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Host plants and species diversity of Mussidia (Lepidoptera: Pyralidae) in Kenya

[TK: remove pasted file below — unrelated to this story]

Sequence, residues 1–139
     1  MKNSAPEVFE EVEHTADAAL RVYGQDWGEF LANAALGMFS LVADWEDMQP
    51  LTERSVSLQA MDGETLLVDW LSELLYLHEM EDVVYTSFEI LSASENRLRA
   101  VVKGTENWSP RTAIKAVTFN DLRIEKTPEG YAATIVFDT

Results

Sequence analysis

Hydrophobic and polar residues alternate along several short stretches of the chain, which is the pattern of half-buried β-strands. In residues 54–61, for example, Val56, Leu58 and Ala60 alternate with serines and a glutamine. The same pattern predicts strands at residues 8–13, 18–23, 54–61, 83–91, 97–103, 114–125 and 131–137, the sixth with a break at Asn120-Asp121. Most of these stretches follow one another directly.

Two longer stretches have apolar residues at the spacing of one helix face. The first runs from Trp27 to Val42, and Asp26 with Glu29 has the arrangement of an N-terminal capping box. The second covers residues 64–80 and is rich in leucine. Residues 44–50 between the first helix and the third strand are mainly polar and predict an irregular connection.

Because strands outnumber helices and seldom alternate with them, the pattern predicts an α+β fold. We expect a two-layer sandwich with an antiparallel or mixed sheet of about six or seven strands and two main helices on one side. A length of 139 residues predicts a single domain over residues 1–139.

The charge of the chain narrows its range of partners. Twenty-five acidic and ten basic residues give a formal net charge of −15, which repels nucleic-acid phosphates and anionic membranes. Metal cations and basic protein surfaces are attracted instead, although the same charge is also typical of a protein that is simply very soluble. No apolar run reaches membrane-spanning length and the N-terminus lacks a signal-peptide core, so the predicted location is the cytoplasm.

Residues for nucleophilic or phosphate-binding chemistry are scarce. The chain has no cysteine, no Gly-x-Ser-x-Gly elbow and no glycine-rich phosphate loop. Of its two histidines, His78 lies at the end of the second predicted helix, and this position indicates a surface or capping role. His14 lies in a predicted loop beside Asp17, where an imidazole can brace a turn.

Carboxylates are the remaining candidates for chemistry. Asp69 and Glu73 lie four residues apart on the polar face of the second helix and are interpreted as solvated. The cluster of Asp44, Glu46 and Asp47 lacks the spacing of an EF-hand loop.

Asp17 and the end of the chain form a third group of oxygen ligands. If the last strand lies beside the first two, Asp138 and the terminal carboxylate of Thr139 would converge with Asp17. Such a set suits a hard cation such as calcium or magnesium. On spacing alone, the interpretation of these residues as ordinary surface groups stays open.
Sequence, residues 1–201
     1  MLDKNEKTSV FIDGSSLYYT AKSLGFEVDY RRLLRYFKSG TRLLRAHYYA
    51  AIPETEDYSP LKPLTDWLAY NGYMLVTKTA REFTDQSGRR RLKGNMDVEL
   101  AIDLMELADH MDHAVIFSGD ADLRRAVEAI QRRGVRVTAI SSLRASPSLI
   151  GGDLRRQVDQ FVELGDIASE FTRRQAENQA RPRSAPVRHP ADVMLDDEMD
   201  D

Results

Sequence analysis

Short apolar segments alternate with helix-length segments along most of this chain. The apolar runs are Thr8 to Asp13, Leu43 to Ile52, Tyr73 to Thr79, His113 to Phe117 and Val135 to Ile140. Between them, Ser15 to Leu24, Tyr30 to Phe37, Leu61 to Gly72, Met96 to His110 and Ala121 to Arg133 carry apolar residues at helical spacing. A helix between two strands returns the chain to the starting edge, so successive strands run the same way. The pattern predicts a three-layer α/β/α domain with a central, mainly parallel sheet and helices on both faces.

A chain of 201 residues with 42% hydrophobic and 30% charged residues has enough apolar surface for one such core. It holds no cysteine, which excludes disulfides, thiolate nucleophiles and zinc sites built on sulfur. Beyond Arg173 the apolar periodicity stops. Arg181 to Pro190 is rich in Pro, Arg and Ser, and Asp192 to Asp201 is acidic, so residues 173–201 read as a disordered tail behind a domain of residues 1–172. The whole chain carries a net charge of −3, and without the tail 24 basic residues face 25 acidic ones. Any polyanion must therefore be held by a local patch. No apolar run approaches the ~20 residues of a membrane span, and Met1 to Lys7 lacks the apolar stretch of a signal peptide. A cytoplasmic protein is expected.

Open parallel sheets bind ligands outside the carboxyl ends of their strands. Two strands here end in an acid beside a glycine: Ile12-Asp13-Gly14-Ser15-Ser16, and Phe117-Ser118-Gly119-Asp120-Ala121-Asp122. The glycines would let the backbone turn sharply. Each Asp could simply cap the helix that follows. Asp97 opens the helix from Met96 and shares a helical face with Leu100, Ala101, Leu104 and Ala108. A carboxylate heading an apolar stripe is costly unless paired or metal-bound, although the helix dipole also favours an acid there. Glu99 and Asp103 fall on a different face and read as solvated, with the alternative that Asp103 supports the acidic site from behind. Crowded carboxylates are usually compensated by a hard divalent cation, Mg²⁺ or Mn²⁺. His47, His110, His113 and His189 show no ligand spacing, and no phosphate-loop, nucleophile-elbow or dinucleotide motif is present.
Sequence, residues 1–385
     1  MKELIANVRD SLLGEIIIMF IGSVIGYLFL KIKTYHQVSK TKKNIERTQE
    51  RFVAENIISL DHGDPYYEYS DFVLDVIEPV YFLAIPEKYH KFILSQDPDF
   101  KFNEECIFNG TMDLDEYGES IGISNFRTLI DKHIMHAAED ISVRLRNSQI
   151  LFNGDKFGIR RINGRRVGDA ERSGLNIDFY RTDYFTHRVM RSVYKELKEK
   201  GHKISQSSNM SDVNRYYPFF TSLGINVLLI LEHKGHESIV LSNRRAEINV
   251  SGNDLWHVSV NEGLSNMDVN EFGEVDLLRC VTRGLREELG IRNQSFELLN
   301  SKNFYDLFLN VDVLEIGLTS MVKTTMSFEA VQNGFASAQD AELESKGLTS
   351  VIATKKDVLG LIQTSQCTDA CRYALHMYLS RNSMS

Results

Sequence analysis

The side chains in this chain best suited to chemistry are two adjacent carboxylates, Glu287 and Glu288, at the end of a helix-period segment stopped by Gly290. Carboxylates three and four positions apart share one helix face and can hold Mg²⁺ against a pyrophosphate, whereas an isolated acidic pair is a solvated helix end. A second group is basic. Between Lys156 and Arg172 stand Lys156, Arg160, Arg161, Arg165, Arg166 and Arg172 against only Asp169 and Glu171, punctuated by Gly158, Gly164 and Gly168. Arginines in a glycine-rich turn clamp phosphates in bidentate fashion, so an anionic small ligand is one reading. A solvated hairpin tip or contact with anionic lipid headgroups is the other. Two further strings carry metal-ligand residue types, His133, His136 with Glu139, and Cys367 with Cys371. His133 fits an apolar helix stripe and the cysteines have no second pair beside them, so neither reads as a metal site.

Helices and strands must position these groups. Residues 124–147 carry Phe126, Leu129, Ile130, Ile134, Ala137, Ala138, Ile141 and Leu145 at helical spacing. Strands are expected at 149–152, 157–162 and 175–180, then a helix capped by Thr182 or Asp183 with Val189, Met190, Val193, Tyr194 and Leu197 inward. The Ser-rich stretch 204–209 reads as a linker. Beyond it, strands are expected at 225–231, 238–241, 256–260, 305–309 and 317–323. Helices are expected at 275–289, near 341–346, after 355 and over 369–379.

Host plants and species diversity of Mussidia (Lepidoptera: Pyralidae) in Kenya International Journal of Biodiversity Science & Management Vol. 5, No. 1, March 2009, 35–40 RESEARCH NOTE a,b a b Benjamin Kimwele Muli *, Fritz Schulthess and Johnnie van den Berg a b International Center of Insect Physiology and Ecology, P.O. Box 30772-00100, GPO, Nairobi, Kenya; School of Environmental Sciences and Development, North West University, Potchefstroom, South Africa Mussidia nigrivenella (Lepidoptera: Pyralidae), an important pest of maize, cotton and Phaseolus bean in western Africa, has never been described as a crop pest from Eastern and southern Africa (ESA), although it was reported in the wild. Generally, little is known about the host plant range and the diversity of Mussidia spp. in ESA. Thus, surveys were carried out in Kenya between 2005 and 2007 to assess the species diversity and host plants of Mussidia. Eight plant species were found to host two Mussidia spp. and six morphospecies, which occur sympatrically in the coastal region. Only one Mussidia sp. was found attacking one host plant in the mid-altitudes. The spatial distribution of M. nr. nigrivenella, M. ‘madagascariensis’ and M. fiorii was studied. M. nr. nigrivenella and M. ‘madagascariensis’ larvae were aggregated on Canavalia cathartica and Strychnos madagascariensis, respectively, while the distribution of M. fiorii adults on Kigelia africana was regular. Sampling plans were developed for three Mussidia spp. on their respective host plants, allowing estimation of pest densities. The occurrence of M. nigrivenella in ESA could not be determined with absolute certainty. Keywords: Mussidia spp. diversity; Pyralidae; host plant range; spatial distribution; sampling plans Introduction Materials and methods The ear-borer, Mussidia nigrivenella Ragonot (Lepidoptera: Surveys for Mussidia spp. and their associated host plants Pyralidae), is one of the most important pests of maize in were undertaken in the coastal lowlands and mid-altitude West Africa (Moyal and Tran 1991; Setamou et al. 2000a). (up to 1850 m asl) regions of Kenya. These zones corre- In the field, yield losses vary from 5% to 25% (Moyal and spond to the ecoregions where M. nigrivenella occurs in Tran 1991; Setamou et al. 2000a). In addition, infestation by western Africa. In 11 surveys carried out from May 2005 to M. nigrivenella predisposes maize to attack by pre- and November 2007, mature fruits or pods from plant species in post-harvest storage beetles Carpophilus spp. (Coleoptera: families reported as hosts of M. nigrivenella in West Africa Nitidulidae) and Sitophilus zeamais Motschulsky (Setamou, Schulthess, Gounou, et al. 2000) and from others in different families with fruits at the right stage for attack (Coleoptera: Curculionidae), leading to further yield losses of up to 15%. by Mussidia spp. at the time of sampling were collected. A Surveys in West Africa revealed 20 host plant species tree, shrub or vine was considered a sampling site and was of M. nigrivenella including cultivated crops such as selected from afar based on whether it had fruits. At close maize, cotton and Phaseolus bean (Setamou, Schulthess, range, it was examined for mature fruits. Fruit samples were Gounou, et al. 2000). It was collected from maize from the randomly selected from the accessible parts (Setamou et al. 2000b). Fruits were collected from the lower, middle and lowland tropics up to mid-altitudes (up to 1200 m asl) (Oigiangbe et al. 1997; Setamou, Schulthess, Gounou, upper canopy. The plant was roughly divided into four et al. 2000; Setamou et al. 2000a; Ndemah, Schulthess, quadrants and fruits were randomly collected from each Korie, et al. 2001). By contrast, M. nigrivenella has never quadrant. At times, ripe fallen fruits were collected from been reported as a pest of crops from Eastern and southern the ground. Since fruit density varied with plant species, the number of fruits collected from each plant also varied. Fruits Africa (ESA), where, however, it is reported to occur on wild host plants (Janse 1941; LePelley 1959). It was were handpicked and, if necessary harvested using a 7-m hypothesized that, in ESA, M. nigrivenella was either telescoping pole. For trees with fruits .10 cm in diameter, under natural control on wild hosts or the locally occurring at most, 10 fruits were collected, while for trees with fruits geographic race did not attack maize (Ndemah, ,10 cm in diameter, as many as 20 fruits were collected per tree. Where many trees of the same species were found in Schulthess, Poehling, Borgemeister, Goergen 2001; the same locality, a distance of at-least 2 km was covered Setamou et al. 2002). Thus, in a first step, following pre- liminary surveys during 2001 (F. Schulthess, unpubl. before the next sampling site was selected. Due to the data), this research note presents an assessment of the differences in fruiting phenologies, fruits were collected during both the wet and dry seasons. In some cases, some diversity of Mussidia spp. and their host plant range in sites were sampled more than once depending on the lowland and mid-altitude areas in Kenya. *Corresponding author. Email: bmuli@icipe.org ISSN 1745-1590 print/ISSN 1745-1604 online # 2009 Taylor & Francis DOI: 10.1080/17451590902771300 http://www.informaworld.com 36 B.K. Muli et al. availability of fruits. Each sample was labelled according to from each plant also varied: for K. africana,at most 10fruits location using a geographic positioning system (GPS) were collected per tree, while for S. madagascariensis, (Garmin – Geko 201), plant species and date of collection. between 10 and 20 fruits were examined. For C. cathartica, When fruits were collected from an unknown plant, a depending on availability of mature dry pods, between 10 sample of leaves and/or flowers, if available, were pre- and 50 pods were examined. Similar to the host plant sur- served in a plant press for identification at the Kenya veys, sampling was done during both the wet and dry seasons Forestry Research Institute (KEFRI) or by Mr. Mathenge, and, subject to the availability of fruit, some sites were University of Nairobi. Only plants whose fruits yielded sampled more than once. Fruits of S. madagascariensis and C. cathartica were dissected and inspected for the presence adult Mussidia spp. were considered as host plants; accord- of larvae, which were reared on an artificial diet until adult- ing to Wiklund (1974), the presence of an egg or larva does hood to confirm the identity of the species. For K. africana not necessarily indicate suitability of the host for comple- fruits, which are difficult to dissect, the distribution pattern tion of the lifecycle of an insect. All fruits or pods were taken to the laboratory of the was based on densities of emerging adults. International Centre of Insect Physiology and Ecology, in Taylor’s (1961) power law was used to describe the Nairobi, in 2–l plastic containers, whose lids were well distribution of Mussidia sp. larvae on C. cathartica and ventilated to prevent excess humidity build-up. Containers S. madagascariensis and, adults on K. africana. This law were kept at 25–30 C for up to 8 weeks to ensure that all postulates a consistent relationship for a species between specimens emerged as adults. From the emerged adults, variance (s ) and mean (m): specimens having the characteristics of Mussidia spp. 2 b (Moyal 1988) were used to start laboratory colonies on an s ¼ am (1) artificial diet as described by Onyango and Ochieng-Odero (1994), while some were exposed to ethyl acetate in a kill- where b indicates the distribution of the species, with b . 1 ing jar, mounted and sent for identification by M. Nuss at indicating an aggregated, b = 1 random, and b , 1 regular the Museum fu¨r Tierkunde, Dresden, Germany, where vou- distribution, while a is considered a scalar factor without cher specimens are kept. biological meaning. These coefficients were computed by Adults were offered rough tissue paper for oviposition regressing the natural logarithm of the within-plant variance (Setamou et al. 1999). The eggs were incubated, and (lns ) against the natural logarithm of mean density (lnm) emerged neonates were put on an artificial diet. In subse- for each plant. In our case, m is the mean number of quent surveys, fruits were first visually examined for eggs individuals from fruits collected per plant. A t-test was or first-instar larvae suspected to be Mussidia spp. used to determine if b was significantly different from 1. (Preliminary observations showed that 24-h-old Mussidia To obtain optimal enumerative sample size curves, spp. eggs and first instar larvae were red in colour). The Wilson and Room (1983) incorporated the estimated var- larvae were put on an artificial diet while the eggs were iance (s ) from Taylor’s (1961) power law into the general incubated in a transparent vial until larval emergence. distribution formula by Karandinos (1976): Emerging larvae were reared on an artificial diet until adult- hood to ascertain the species. 2 2 n ¼ Z =D s =m (2) =2 In addition, two herbaceous legumes, the perennial Canavalia enseiformes L. DC (Fabaceae) and the annual resulting in Mucuna pruriens DC (Fabaceae), which commonly harbour M. nigrivenella in West Africa (Setamou, Schulthess, b2 n ¼ Z =D am (3) =2 Gounou, et al. 2000), were planted under irrigation at the Kenyan coast during 2006–2007 to trap Mussidia spp. where n is the number of samples to be taken, Z is the /2 standard normal deviate (Z = 1.96 for n, 30) and D is the /2 Spatial distribution of Mussidia spp. and development of reliability level for a fixed proportion of the mean; two sampling plans reliability levels (D = 0.2 or 0.3), were chosen depending on the accuracy of the density estimate required. Sufficient numbers of infested fruits for assessment of the spatial distribution of Mussidia spp. were available for three host plants only, namely Kigelia africana (Lam.) Benth. Results (Bignoniaceae), Canavalia cathartica Thouars. (Fabaceae) Host plants and Mussidia spp. diversity and Strychnos madagascariensis Poir. (Loganiaceae), which had been shown to harbour Mussidia spp. in a pre- Mussidia species were obtained from eight plant species, all vious study on host plant range. Mature fruits of each host found along the Kenyan coast (Table 1, Figure 1). A few of plant were randomly handpicked or harvested using a 7-m these species were also found in the mid-altitudes but only telescoping pole from the accessible parts of trees/vines. For one of them, K. africana, was found to host a Mussidia K. africana and S. madagascariensis, at times, ripe fallen species (Figure 1). The survey found seven plant species, fruits were collected from the ground. Since fruit density from four families reported as hosts of M. nigrivenella in varied with plant species, the number of fruits collected West Africa, but only two were found harbouring Mussidia International Journal of Biodiversity Science & Management 37 Table 1. List of plant species sampled, those sampled and also reported as host plants of Mussidia nigrivenella in West Africa and those harbouring Mussidia spp. in Kenya during 2005–2007. Reported as hosts of Mussidia Mussidia Family Scientific name Common name nigrivenella in West Africa spp. host Anacardiaceae Sclerocarya birrea (A. Rich) Hochst. Anacardium occidentale L. Cashew nut Bignoniaceae Kigelia africana (Lam.) Benth. African sausage tree Jacaranda mimosifolia D. Don. Bombacaceae Adansonia digitata L. Baobab x Caesalpiniaceae Erythrophloeum suaveolens Guill. & Perr. Piliostigma thorningii (Schum.) Milne-Redh. x Combretaceae Terminalia brownii Fres. Euphorbiaceae Croton megalocarpus Hutch. Fabaceae Afzelia quanzensis Welw. Pod mahogany Tamarindus indica L. Tamarind x Senna bicapsularis L. Butterfly bush Delonix regia (Bojer) Flamboyant tree Cajanus cajan L. Pigeon pea Canavalia cathartica Thouars. Maunaloa vine Canavalia enseiformes L. DC. Jack bean x Dolichos lablab L. Hyacinth bean Acacia nilotica L. Acacia stuhlmannii Taub. Gliricidia sepium (Jacq.) Walp. Mucuna pruriens (L.) DC Velvet bean x Mucuna gigantea (Willd.) DC. Senna spectabilis DC Senna singueana (Delile) Lock Parkia filicoidea Welw. ex Oliver Vigna unguiculata L. Walpers Cowpea x Loganiaceae Strychnos madagascariensis Poir. Black monkey orange Strychnos spinosa Lam. Green monkey orange Meliaceae Melia volkensii Gu¨rke Mimosaceae Albizia anthelmintica Brongn. Moraceae Ficus benjamina L. Weeping fig Ficus sycomorus L. Fig tree Moringaceae Moringa oleifera Lam. Papilionoideae Erythrina abbyssinica (A. Rich) Poaceae Zea mays L. Maize x Rhamnaceae Ziziphus mauritiana Lam. Chinese apple Rubiaceae Vangueria infausta Burch. Wild pear Solanaceae Solanum incanum L. Sodom apple Sterculiaceae Dombeya rotundifolia Hotchst. Sterculia appendiculata K. Schum. Notes: x indicates that a plant species is reported as host of M. nigrivenella in West Africa. indicates that the plant species was found harbouring Mussidia spp. species (Table 1). Nearly 80% of the total plant species Fifty percent of the host plant species, from which sampled did not yield Mussidia spp. (Table 1). Two Mussidia spp. were reared, belonged to the family Mussidia species and six putative Mussidia morphospecies, Fabaceae (Table 1). Mussidia spp. eggs were found on the which occurred sympatrically, were obtained from the dif- surface of the mature fruits or pods, mostly laid in batches; ferent host plants in the coastal area. However, due to in many cases, more than one egg batch was found per fruit. nomenclatural problems, only one species (M. fiorii Except for M. fiorii attacking K. africana, whose mature Cecconi and de Joannis) obtained from K. africana was fruits have a high-moisture content, Mussidia spp. eggs identified with certainty, while another from Canavalia were collected on drying or dry fruits. Eggs were also cathartica Thouars. was close to the West African M. nigri- found on fruits harbouring larvae or pupae, or that had venella (pers. comm., M. Nuss, Museum fu¨r Tierkunde, exit holes. Mussidia larvae were found feeding on seeds, Dresden, Germany). Henceforth, the latter species will be producing copious amounts of silk and pelleted frass, espe- referred to as Mussidia nr. nigrivenella while the other cially the species feeding on Afzelia quanzensis Welw. morphospecies will be identified by the species name of (Fabaceae), Strychnos spinosa Lam. (Loganiaceae), the host plant from which they were collected; e.g. Mussidia S. madagascariensis, A. digitata and C. cathartica. Mussidia collected from Adansonia digitata L. (Bombacaceae) ‘quanzensis’ larvae were found feeding on the seed aril becomes Mussidia ‘digitata’. before they moved to the rest of the seed. Dissection of 38 B.K. Muli et al. Figure 1. Distribution of host plants attacked by Mussidia spp. along the Kenyan coast and the mid-altitude regions during 2005–2007. The left section of the figure shows a section of the Kenyan coast at a different scale. K. africana fruits, from which M. fiorii adults emerged, Spatial distributions and sampling plans revealed that their larvae also fed on the seeds. Except for Mean densities of M. fiorii adults, M. ‘madagascariensis’ and M. fiorii, whose cocoons were found singly near individual M.nr. nigrivenella larvae were 55.9  7.6, 3.93  0.64 and exit windows, at least three pupae were found near an exit 0.73  0.14, respectively. The Taylor’s (1961) power law window with their cocoons joined. However, for M. ‘quan- regressions yielded slopes b greater than 1 for M. nr. nigri- zensis’, although pupae were found in groups, exit windows venella and M. ‘madagascariensis’ larvae on C. cathartica were rare and most of the emerging adults were thought to and S. madagascariensis, respectively, indicating aggregated escape through the open suture of the dry pod. The host distribution. In contrast, Mussidia fiorii adults on K. africana plant species attacked by the different Mussidia spp. had yielded a slope less than 1, indicating regular distribution different fruiting phenologies, hence, fruits suitable (Table 2). Student’s t-test (Sokal and Rohlf 1995) showed for attack were available at different times of the year that all slopes were significantly different from unity (P , (Figure 2). 0.001 for M. nr. nigrivenella, P = 0.002 for M. ‘madagascar- iensis’ and P , 0.001 for M. fiorii)(Table 2). The optimal sample size curves (i.e. the optimal number of samples to be taken to estimate a given density for a given Kigelia africana Adansonia digitata Adansonia digitata precision level) for the different Mussidia spp. are shown in Tamarindus indica Figure 3. Mussidia nr. nigrivenella required the highest Afzelia quanzensis Afzelia quanzensis number of samples to estimate a mean density, followed Canavalia cathartica Strychnos madagascariensis by M. ‘madagascariensis’ and M. fiorii. Strychnos spinosa JF M A M J JA S O N D Discussion Figure 2. Periods when suitable fruits of different host plants There are fewer host plants for Mussidia spp. in Kenya than were available for attack by Mussidia spp. at the Kenyan coast for M. nigrivenella in West Africa, where Setamou, during 2005–2007. The rainy season months are shaded. International Journal of Biodiversity Science & Management 39 Table 2. Taylor’s a and b coefficients and r for three Mussidia species each on their main host plants. N is the number of plants from which infested fruits were collected. Taylor’s parameters Species Host plant ab t-value r P- value N Mussidia nr. nigrivenella Canavalia cathartica 0.9125 1.58 13.68 0.89 ,0.001 24 Mussidia ‘madagascariensis’ Strychnos madagascariensis 0.8792 1.16 4.064 0.62 0.002 12 Mussidia fiorii Kigelia africana 1.4347 0.94 4.29 0.47 ,0.001 23 the year. However, it was not clear how the other species (a) survive periods of non-availability of suitable fruiting structures. Various studies have shown the dispersion of M. nigri- venella larvae to be aggregated on maize (Schulthess et al. 1991; Setamou et al. 2000b; Ndemah, Schulthess, Poehling, Borgemeister 2001) and on wild host plants (Setamou et al. 2000b). An aggregated distribution was also found for M. nr. nigrivenella larvae on C. cathartica and for Mussidia ‘madagascariensis’ larvae on S. madagascariensis. This might be attributed to the oviposition behaviour of the (b) adults as suggested by Cole (1946) and Setamou et al. (2000b), whereby eggs are laid in batches, which favours aggregation of larvae in the fruits. By contrast, M. fiorii adults showed a regular distribution on K. africana. Unlike the other Mussidia species, whose pupal cases were found aggregated around the exit windows, only one pupal case was found per exit window on K. africana fruits. This indicates fierce intraspecific competition by M. fiorii larvae, probably induced by the high per fruit densities, explaining the regular distribution of adults and, thus, pupae. Setamou (c) et al. (2000b) suggested that because of the exceedingly cryptic larval feeding behaviour of Mussidia spp., emphasis should be given to finding egg and pupal parasitoids. An aggregation of pupae around exit holes should also improve host finding and parasitism efficiency of pupal parasitoids. The current study indicates that several Mussidia spp. exist in Kenya. However, whether M. nigrivenella occurs in ESA could not be determined in the present study with absolute certainty; molecular tools might be required to Mean density of borers per fruit separate the different morphospecies into species. Figure 3. Optimal number of samples to be taken to estimate mean densities of (a) M. fiorii (b) Mussidia ‘madagascariensis’ and (c) Mussidia nr. nigrivenella with reliability levels of D = 0.2 and D Acknowledgements = 0.3. The authors are grateful to Gerphas Okuku, Julius Obonyo and John Obala for technical assistance, Eric Muchugu for geostatis- tical analysis, Dr. Matthias Nuss for identification of the Schulthess, Gounou, et al. (2000) identified 20 plant species Lepidoptera, Mr. Mathenge and KEFRI staff (Gede) for plant species identification and two anonymous reviewers for reviewing from 11 families hosting the pest. In contrast to West Africa, a previous version of the manuscript. This study was supported by Mussidia spp. was never obtained from maize in Kenya the Federal Ministry for Economic Cooperation and Development (Zhou et al. 2003 and the present study). As also found by (BMZ), Germany. Setamou, Schulthess, Gounou, et al. (2000) in West Africa, the highest number of host plant species was in the Fabaceae. All these species are of economic importance References and, except C. enseiformes, are not cultivated (Beentje Beentje HJ. 1994. Kenya trees, shrubs and lianas. Nairobi (Kenya): 1994; Mureithi et al. 1998). The continuous availability of National Museums of Kenya. suitable fruiting structures guarantees the propagation of Cole LC. 1946. A theory for analyzing contagiously distributed Mussidia spp. on K. africana and C. cathartica throughout populations. Ecology. 27:329–341. Number of samples to be taken 40 B.K. Muli et al. Janse AJT. 1941. Contribution to the study of the Phycitine Schulthess F, Bosque-Perez NN, Gounou S. 1991. Sampling lepi- (Pyralidae: Lepidoptera) part 1. J Entomol Soc South Afr. dopterous pests on maize in West Africa. Bull Entomol Res. 4:134–166. 81:297–301. Karandinos MG. 1976. Optimum sample size and comments on Se tamou M, Schulthess F, Bosque-Perez NA, Poehling HM, some published formulae. Bull Entomol Soc Am. 22:417–421. Borgemeister C. 1999. Bionomics of Mussidia nigrivenella LePelley RH. 1959. Agricultural insects of East Africa. Nairobi (Lepidoptera: Pyralidae) on three host plants. Bull Entomol (Kenya): East Africa High Commission. 307 p. Res. 89:465–471. Moyal P. 1988. Les foreurs du maı¨s en zone des savanes en Coˆte Se tamou M, Schulthess F, Goergen G, Poehling HM, d’Ivoire [Collection Etudes et The`ses]. [Paris (France)]: Borgemeister C. 2002. Natural enemies of the maize ear- ORSTOM. borer, Mussidia nigrivenella (Lepidoptera: Pyralidae) in Moyal P, Tran M. 1991. Ear-borer Mussidia nigrivenella Benin, West Africa. Bull Entomol Res. 92:343–349. (Lepidoptera: Pyralidae) of maize in Ivory Coast. I. morpho- Se tamou M, Schulthess F, Gounou S, Poehling HM, Borgemeister logical and biological data. Insect Sci Appl. 12:209–214. C. 2000. Host plants and population dynamics of the ear-borer Mureithi JG, Gachene CKK, Saha HM, Dyck E. 1998. Mussidia nigrivenella Ragonot (Lepidoptera: Pyralidae) in Incorporation of green manure legumes into smallholder farm- Benin. Environ Entomol. 29:516–524. ing systems in Kenya: achievements and current activities of Se tamou M, Schulthess F, Poehling HM, Borgemeister C. 2000a. legume screening network. Presented in an international work- Monitoring and modeling of field infestation and damage by shop on Agrobiological Management of Soils and Cropping the maize ear borer Mussidia nigrivenella Ragonot Systems; Madagascar. (Lepidoptera: Pyralidae) in Benin, West Africa. J Econ Ndemah R, Schulthess F, Korie S, Borgemeister C, Cardwell KF. Entomol. 93:650–657. 2001. Distribution, relative importance and effect of lepidop- Se tamou M, Schulthess F, Poehling HM, Borgemeister C. 2000b. terous borers on maize yields in the forest zone and mid- Spatial distribution and sampling plans for Mussidia nigrive- altitude region of Cameroon. J Econ Entomol. 94:1434–1444. nella (Lepidoptera: Pyralidae) on cultivated and wild host Ndemah R, Schulthess F, Poehling M, Borgemeister C. 2001. plants in Benin. Environ Entomol. 29:1216–1225. Spatial dynamics of lepidopterous pests on Zea mays (L.) Sokal RR, Rohlf FJ. 1995. Biometry, the principles and practice of and Pennisetum purpureum (Moench) in the forest zone of statistics in biological research. San Francisco (CA): WH Cameroon and their implications for sampling schemes. Freeman. J Appl Entomol. 125:507–514. Taylor LR. 1961. Aggregation, variance, and the mean. Nature. Ndemah R, Schulthess F, Poehling M, Borgemeister C, Goergen 189:732–735. G. 2001. Natural enemies of lepidopterous borers on maize Wiklund C. 1974. Oviposition preferences in Papilio machaon in and elephant grass in the forest zone of Cameroon. Bull relation to the host plants of the larvae. Entomol Exp Appl. Entomol Res. 91:207–212. 17:189–198. Oigiangbe ON, Ivbijaro MF, Ewete FK, Mutsaers HJW. 1997. Wilson LT, Room PM. 1983. Clumping patterns of fruit and Incidence and damage caused by maize stemborers on arthropods in cotton, with implications for binomial sampling. farmers’ fields in south western Nigeria. Afr Crop Sci Environ Entomol. 12:50–54. J. 5:295–302. Zhou G, Overholt WA, Kimani-Njogu SW. 2003. Species rich- Onyango FO, Ochieng-Odero JPR. 1994. Continuous rearing of ness and parasitism in an assemblage of parasitoids attacking the maize stemborer Busseola fusca on artificial diet. Entomol maize stemborers in coastal Kenya. Ecol Entomol. Exp Appl. 73:139–144. 28:109–118. http://www.deepdyve.com/assets/images/DeepDyve-Logo-lg.png International Journal of Biodiversity Science & Management Taylor & Francis